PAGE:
How to eat Jerusalem artichoke

Different ways of eating Jerusalem artichoke

What is a Jerusalem artichoke?

helianthus tuberosusJerusalem artichoke flower

A Jerusalem artichoke is an edible tuber, native to North America, grown on every continent.

This tuber comes from a plant of the Compositae family, like the sunflower.

It is a food rich in inulin. It mainly has digestive properties, helps lower cholesterol. With prebiotic effect, it also helps treat constipation.

What flavor a Jerusalem artichoke has?

Jerusalem artichokes have a mild flavor, reminiscent of artichoke and potato.

How to cook Jerusalem Artichoke?

  • Clean the skin of the tubers and peel them.
  • Cut them into thick slices.
  • Pour them into a pan of boiling water and salt.
  • Cook for 8 minutes or until tender.
  • Mix with butter or olive oil, salt and pepper.

Despite being a food native to North America, the truth is that the Jerusalem artichoke has been more successful in European cuisine.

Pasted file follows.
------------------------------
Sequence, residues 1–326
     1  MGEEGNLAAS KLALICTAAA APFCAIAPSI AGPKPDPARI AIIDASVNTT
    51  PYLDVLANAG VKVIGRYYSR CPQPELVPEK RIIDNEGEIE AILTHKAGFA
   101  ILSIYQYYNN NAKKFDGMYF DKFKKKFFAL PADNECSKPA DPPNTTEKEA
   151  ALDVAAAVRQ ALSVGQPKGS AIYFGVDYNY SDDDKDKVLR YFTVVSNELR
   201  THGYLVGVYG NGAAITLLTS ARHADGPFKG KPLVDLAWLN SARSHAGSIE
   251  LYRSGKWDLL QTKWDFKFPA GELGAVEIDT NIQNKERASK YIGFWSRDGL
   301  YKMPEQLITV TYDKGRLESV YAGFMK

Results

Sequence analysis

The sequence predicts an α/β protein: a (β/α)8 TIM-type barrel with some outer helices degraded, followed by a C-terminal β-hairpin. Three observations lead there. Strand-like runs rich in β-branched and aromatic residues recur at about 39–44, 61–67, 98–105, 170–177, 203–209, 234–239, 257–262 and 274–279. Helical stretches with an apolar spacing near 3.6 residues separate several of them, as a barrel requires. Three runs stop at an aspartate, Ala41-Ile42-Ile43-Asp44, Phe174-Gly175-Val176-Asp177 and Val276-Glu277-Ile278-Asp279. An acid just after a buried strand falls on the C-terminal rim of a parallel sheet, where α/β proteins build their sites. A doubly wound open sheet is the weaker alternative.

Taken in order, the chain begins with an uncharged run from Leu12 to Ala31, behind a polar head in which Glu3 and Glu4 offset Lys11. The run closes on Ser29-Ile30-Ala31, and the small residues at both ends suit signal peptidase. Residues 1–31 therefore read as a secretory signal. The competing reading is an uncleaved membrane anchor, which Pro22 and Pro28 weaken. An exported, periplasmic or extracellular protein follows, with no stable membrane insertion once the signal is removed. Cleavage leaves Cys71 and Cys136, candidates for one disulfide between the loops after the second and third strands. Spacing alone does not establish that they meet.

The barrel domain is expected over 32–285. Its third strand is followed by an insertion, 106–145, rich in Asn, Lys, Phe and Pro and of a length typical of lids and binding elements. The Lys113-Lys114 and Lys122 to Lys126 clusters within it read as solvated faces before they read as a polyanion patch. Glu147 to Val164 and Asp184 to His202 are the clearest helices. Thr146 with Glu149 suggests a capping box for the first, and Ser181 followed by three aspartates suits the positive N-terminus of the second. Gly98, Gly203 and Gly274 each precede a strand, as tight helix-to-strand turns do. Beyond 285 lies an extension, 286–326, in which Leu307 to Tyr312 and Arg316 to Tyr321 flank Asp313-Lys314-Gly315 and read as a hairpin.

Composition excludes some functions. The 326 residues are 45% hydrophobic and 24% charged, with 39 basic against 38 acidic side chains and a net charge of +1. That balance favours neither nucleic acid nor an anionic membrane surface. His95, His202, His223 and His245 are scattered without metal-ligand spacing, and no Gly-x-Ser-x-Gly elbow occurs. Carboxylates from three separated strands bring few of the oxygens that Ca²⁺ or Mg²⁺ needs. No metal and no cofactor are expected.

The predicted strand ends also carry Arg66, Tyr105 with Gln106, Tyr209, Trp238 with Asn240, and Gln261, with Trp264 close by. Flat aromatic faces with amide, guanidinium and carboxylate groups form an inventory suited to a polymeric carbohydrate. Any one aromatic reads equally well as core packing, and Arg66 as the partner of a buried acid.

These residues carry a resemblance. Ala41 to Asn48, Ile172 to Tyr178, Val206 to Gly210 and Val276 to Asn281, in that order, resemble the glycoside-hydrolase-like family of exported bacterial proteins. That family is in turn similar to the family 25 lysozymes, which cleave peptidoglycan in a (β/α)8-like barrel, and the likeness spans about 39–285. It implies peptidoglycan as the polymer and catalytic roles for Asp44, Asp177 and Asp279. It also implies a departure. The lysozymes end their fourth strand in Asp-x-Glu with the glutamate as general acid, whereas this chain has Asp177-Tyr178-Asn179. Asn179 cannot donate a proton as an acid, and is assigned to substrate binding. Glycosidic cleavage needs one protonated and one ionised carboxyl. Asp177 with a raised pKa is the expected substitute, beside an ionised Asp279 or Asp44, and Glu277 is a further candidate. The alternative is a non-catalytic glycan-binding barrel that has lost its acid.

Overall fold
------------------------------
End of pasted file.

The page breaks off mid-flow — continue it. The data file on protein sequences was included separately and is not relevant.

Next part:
The Italian botanist Fabio Colonna (1567-1640) writes in his book one of the first historical vestiges of topinambour consumption in Europe, “the Jerusalem artichokes prepared in different ways: boiled with butter and ginger, others baked in cakes, putting dates, ginger and raisins… “.

Different ways of eating Jerusalem artichokes

Jerusalem artichoke tubersTubers of Jerusalem artichoke
  • Jerusalem artichokes can be cooked boiled or steamed, dressed with butter or olive oil.
  • You can also cook roast it, or use it in creams, purees, soups, stews or added to omelets.
  • The more beginner Jerusalem artichokes, after winter frost, have a sweet taste and suitable for taking raw. These are added to salads as if they were radishes.
  • In some regions, they are consumed pickled in brine and vinegar.
  • The tubers can be dehydrated and ground to form Jerusalem artichoke flour. This is suitable for coeliacs and can be stored for a long time.
  • In Germany, people prepare a liquor with Jerusalem artichokes and alcohol used for producing what is known as “Topi” “Rossler” or “Jerusalem artichoke brandy”.

punto rojoMore information on Jerusalem artichoke.

This article was endorsed by Elisenda Carballido - Dietitian nutritionist. Postgraduate in Phytotherapy and master in Nutrition and Metabolism.
Written by Editorial Botanical-online team in charge of content writing

17 November, 2022

Other interesting articles

This material is for informational purposes only. In case of doubt, consult the doctor.
"Botanical-online" is not responsible for damages caused by self-medication.